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Annals of Business Administrative Science
Vol. 15 (2016) No. 3 p. 139-148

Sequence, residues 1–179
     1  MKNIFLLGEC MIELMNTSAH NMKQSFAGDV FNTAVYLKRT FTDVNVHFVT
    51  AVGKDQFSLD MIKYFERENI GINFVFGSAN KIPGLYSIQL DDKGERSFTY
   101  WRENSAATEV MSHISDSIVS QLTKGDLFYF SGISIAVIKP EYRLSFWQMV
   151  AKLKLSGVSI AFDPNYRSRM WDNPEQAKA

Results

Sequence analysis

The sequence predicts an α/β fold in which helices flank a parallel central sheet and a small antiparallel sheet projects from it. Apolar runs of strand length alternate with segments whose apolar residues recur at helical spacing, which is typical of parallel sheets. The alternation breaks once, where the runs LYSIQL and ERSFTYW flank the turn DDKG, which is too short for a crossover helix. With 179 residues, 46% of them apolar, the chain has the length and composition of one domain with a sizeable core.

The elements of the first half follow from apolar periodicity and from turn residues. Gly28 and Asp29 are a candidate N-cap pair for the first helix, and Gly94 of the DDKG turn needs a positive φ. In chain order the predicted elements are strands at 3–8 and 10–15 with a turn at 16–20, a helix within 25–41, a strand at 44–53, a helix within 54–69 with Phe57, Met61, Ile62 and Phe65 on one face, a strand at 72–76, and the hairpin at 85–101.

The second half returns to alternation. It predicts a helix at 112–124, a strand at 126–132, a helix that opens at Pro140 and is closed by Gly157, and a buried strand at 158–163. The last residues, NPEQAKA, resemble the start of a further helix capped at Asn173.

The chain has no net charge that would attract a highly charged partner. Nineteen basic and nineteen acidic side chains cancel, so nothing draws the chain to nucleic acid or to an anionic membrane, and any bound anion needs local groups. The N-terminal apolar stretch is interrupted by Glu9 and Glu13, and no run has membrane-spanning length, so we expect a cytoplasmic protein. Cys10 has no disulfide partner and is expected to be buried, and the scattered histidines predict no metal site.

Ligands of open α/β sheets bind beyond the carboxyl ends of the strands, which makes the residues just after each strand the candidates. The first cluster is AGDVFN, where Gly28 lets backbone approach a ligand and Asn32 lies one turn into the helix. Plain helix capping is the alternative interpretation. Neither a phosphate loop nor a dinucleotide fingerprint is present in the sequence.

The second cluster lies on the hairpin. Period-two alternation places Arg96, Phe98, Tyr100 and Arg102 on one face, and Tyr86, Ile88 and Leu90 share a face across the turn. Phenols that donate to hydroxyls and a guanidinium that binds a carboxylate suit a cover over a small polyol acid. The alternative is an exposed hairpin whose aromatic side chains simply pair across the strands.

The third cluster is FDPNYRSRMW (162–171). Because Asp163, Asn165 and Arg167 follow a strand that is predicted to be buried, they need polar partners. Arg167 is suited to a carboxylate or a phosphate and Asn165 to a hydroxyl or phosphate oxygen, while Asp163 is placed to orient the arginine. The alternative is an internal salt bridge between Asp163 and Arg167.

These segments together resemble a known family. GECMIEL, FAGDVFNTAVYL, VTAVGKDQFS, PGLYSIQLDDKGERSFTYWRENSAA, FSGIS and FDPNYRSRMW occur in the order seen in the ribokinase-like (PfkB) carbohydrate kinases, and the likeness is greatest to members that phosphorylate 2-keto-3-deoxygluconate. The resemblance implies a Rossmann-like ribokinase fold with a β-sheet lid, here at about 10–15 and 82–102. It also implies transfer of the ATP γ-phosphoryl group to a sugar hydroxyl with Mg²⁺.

Since the development of the idea of dynamic capabilities by Teece, Pisano, and Shuen (1997), it has been broadly discussed. However, there is no general view regarding the types of competencies that can be called dynamic capabilities. Teece et al. (1997) asserted that dynamic capabilities are one of the roles of organizational processes. Moreover, they asserted that organizational processes include static concepts, such as integration and coordination. This fact caused some confusion. Helfat and Winter (2011) contrasted the two concepts of operational and dynamic capabilities. They noted that the source of confusion was the fact that some competencies possess the nature of both concepts. In other words, three types of capabilities exist: pure operational, pure dynamic, and hybrid capabilities possessing both features. Helfat and Winter (2011) presented the example of corporate growth, such as an expansion in retail stores, an area where pure dynamic capabilities without any operational capabilities can be observed. Therefore, if pure dynamic capabilities are the pure competencies necessary for corporate growth, it is highly likely that these are the same competencies posited by Penrose (1959), who differentiated between economies of growth and economies of size. Takahashi (2015) conjectured that competencies that become resources unused for anything but growth are, more specifically, “competencies for start-up experts.”

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